Wednesday, March 16, 2016 5:15 am
Performance drugs on EACS' random test list
Jamie Duffy | The Journal Gazette
The East Allen County Schools board will consider testing students for performance-enhancing drugs along with others it included in its proposed random drug testing, the board said Tuesday.
The vote on drug and alcohol testing for certain groups of students – those participating in co-curricular or extracurricular activities and those who drive to school – was delayed for two weeks to give the board time to change the guidelines. The next board meeting is scheduled for June 16.
EACS will rely on an outside service to select the random students for drug testing based on a number system. If results are non-negative but not necessarily positive, then a second drug and alcohol test will be conducted, said Jeff Studebaker, EACS’ safety manager.
Drugs included in the test list are alcohol, amphetamines, barbiturates, benzodiazepines, cocaine, opiates, cannabis and methadone. Performance-enhancing drugs will be added to the list.
As proposed, a $2 fee will be added for co-curricular and extracurricular activities to cover testing costs, according to school officials.
If a test comes back positive, school officials would contact parents or guardians and offer assistance in the form of counseling. The current proposal would also ban the student from participating in competitions in the chosen activity for a third of the year.
However, the student would still be allowed to attend practices and rehearsals, EACS Superintendent Kenneth Folks said.
The administration has indicated that the drug testing is not intended to be punitive but rather to give the district a way to offer help. The student "wouldn’t lose academic status or be turned over to authorities," Studebaker said.
However, if follow-up tests show the behavior is continuing, a second violation would result in suspension for the rest of the current season of the activity and the next season, according to a chart the school district provided.
A third violation would result in suspension from competitions and performances for 365 days from the infraction date.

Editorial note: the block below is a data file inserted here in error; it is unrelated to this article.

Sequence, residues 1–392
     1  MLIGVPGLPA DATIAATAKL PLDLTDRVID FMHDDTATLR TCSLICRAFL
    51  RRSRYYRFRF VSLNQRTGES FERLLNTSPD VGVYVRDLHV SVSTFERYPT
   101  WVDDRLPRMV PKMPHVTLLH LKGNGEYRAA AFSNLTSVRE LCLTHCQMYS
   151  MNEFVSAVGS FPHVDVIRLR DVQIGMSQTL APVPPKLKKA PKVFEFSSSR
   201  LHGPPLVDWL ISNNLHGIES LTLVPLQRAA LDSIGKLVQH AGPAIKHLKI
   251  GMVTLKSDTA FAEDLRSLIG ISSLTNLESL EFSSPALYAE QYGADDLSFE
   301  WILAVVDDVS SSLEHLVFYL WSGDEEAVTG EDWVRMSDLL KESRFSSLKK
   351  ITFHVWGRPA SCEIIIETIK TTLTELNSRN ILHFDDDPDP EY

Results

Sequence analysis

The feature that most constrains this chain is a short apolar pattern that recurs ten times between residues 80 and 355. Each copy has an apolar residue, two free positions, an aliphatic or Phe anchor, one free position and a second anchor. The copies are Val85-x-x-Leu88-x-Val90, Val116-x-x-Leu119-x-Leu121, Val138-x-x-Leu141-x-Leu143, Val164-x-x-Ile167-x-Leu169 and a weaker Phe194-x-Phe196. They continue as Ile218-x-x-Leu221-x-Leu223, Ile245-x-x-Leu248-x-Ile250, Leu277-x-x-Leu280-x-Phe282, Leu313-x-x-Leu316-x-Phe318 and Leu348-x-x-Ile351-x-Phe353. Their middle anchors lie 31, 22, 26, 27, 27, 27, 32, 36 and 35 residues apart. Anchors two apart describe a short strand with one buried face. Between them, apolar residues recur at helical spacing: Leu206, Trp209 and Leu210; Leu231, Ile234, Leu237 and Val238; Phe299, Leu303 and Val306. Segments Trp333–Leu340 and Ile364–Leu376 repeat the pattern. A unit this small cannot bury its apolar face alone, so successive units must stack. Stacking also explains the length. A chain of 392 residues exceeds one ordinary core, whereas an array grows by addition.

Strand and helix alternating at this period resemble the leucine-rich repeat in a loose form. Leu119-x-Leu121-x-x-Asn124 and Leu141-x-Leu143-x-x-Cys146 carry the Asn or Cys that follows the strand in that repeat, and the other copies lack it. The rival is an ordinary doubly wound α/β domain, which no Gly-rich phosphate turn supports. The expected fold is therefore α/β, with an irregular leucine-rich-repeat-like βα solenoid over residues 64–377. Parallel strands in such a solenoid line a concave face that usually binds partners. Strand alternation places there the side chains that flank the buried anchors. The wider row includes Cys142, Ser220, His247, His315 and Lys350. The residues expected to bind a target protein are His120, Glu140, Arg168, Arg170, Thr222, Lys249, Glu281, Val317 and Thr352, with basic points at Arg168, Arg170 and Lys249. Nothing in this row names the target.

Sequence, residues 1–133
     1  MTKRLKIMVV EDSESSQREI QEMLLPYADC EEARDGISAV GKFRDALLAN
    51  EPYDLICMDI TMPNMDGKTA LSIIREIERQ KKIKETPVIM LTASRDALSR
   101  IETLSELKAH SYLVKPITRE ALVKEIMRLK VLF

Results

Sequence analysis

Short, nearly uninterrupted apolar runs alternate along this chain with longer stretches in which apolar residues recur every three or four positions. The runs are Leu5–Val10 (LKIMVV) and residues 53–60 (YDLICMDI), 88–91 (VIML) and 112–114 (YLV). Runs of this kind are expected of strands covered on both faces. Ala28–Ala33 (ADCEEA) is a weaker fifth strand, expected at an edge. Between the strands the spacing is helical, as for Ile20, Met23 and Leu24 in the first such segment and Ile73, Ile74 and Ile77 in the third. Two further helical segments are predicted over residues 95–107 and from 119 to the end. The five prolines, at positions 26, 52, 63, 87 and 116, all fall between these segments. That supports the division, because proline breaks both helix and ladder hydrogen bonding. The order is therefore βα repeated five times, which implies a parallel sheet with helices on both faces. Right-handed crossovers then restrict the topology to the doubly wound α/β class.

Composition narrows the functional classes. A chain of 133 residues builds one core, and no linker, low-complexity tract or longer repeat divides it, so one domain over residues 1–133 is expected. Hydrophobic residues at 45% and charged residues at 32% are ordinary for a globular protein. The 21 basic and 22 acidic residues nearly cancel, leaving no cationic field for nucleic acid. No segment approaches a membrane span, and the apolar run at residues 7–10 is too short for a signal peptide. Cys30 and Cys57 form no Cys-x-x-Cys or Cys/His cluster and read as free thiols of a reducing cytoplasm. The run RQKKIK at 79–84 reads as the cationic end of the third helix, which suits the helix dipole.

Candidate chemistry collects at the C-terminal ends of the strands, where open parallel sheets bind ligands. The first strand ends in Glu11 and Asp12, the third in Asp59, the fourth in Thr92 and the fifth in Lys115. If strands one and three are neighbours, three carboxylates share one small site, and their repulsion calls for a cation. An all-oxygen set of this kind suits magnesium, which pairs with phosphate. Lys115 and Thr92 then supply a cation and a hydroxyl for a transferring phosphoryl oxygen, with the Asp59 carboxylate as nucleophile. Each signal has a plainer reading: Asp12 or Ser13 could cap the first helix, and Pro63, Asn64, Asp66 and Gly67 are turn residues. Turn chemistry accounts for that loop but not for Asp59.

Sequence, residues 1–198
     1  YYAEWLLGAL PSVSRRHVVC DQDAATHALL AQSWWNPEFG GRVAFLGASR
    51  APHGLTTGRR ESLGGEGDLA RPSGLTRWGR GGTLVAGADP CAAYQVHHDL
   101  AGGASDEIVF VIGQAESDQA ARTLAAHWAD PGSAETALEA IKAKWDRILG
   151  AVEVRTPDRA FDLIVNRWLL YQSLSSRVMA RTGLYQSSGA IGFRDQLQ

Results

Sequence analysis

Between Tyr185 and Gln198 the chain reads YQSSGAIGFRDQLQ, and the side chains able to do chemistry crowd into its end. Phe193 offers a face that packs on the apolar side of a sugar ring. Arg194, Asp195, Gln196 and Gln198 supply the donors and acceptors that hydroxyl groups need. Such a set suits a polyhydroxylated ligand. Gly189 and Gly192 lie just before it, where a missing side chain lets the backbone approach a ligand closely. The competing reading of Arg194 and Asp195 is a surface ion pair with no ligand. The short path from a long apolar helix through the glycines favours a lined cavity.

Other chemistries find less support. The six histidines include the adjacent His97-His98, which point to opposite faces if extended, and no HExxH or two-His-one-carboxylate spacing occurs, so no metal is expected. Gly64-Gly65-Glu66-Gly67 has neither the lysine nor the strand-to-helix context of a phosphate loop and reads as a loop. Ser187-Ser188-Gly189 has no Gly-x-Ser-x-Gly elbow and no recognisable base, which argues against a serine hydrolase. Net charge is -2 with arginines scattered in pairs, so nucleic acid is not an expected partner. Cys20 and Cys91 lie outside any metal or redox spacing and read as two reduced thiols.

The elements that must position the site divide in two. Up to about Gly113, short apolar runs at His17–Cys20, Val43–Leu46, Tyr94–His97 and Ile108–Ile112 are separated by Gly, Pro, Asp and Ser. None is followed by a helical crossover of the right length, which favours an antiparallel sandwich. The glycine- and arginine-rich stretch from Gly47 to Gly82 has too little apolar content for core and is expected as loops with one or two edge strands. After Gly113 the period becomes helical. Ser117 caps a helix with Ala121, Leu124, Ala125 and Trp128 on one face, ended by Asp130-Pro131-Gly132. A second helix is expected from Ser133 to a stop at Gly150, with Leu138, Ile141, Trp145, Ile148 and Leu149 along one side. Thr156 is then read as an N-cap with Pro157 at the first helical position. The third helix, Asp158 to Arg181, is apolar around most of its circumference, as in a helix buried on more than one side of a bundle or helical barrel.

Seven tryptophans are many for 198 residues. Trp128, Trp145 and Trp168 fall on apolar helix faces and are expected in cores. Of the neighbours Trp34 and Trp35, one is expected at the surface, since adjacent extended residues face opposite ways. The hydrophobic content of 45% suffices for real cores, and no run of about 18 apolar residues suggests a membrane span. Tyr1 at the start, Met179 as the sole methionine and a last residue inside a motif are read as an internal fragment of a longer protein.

Board member Tim Hines suggested that with the first offense, the student not be taken out of competition but instead put into counseling.
"We have kids in the co-curricular or extracurricular activities who need that. Where would they go if they are no longer allowed to do that? My suggestion on that first violation would (be they) go to counseling" or are "suspended from the first offense until (they) enroll in counseling," Hines said.
Board member Paulette Nellems said she was concerned that the proposed policy "still puts the financial burden on the parent. That’s time off work. Those are the parents who are burdened most."
She was also afraid that it might hurt a student’s chances to attend Anthis Career Center, recently renamed Fort Wayne Community Schools Career Academy at Anthis.
"They get this little ding on their record. How will that affect that student?" Nellems said.
Studebaker said the new policy would have no effect on a student’s academic record, only on participation in activities.
Allen County sheriff’s officer Tom Miller, who works in the Harding attendance area, made an impassioned plea to the board in favor of the proposal.
"If we can get kids help rather than me step in and incarcerate, I think it’s a win-win. If you go to jail, it’s a 50-50 shot as to how they come out," he told the board.
In the opinion of law enforcement, "most of us figure out, ‘how can I keep kids out of jail,’" Miller said. "If I get wind of a kid on any type of drugs or alcohol, I go over to the folks’ house. I’m very cautious with my speech, but I do want to help them.
"It’s worth it when I don’t have to put a pair of handcuffs on the children. It’s not as easy as it seems."